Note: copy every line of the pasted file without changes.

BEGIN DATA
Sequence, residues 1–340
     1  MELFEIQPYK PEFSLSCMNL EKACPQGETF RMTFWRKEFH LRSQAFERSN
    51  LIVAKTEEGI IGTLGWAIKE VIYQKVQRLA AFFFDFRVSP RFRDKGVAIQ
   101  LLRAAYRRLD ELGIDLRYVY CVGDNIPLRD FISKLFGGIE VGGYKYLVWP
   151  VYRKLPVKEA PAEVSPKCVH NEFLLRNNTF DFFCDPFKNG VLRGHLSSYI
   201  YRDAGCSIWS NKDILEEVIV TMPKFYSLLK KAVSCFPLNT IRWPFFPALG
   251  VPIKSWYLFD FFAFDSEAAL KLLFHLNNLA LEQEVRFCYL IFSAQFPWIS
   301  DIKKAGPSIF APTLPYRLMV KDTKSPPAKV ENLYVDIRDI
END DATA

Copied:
Sequence, residues 1–340
     1  MELFEIQPYK PEFSLSCMNL EKACPQGETF RMTFWRKEFH LRSQAFERSN
    51  LIVAKTEEGI IGTLGWAIKE VIYQKVQRLA AFFFDFRVSP RFRDKGVAIQ
   101  LLRAAYRRLD ELGIDLRYVY CVGDNIPLRD FISKLFGGIE VGGYKYLVWP
   151  VYRKLPVKEA PAEVSPKCVH NEFLLRNNTF DFFCDPFKNG VLRGHLSSYI
   201  YRDAGCSIWS NKDILEEVIV TMPKFYSLLK KAVSCFPLNT IRWPFFPALG
   251  VPIKSWYLFD FFAFDSEAAL KLLFHLNNLA LEQEVRFCYL IFSAQFPWIS
   301  DIKKAGPSIF APTLPYRLMV KDTKSPPAKV ENLYVDIRDI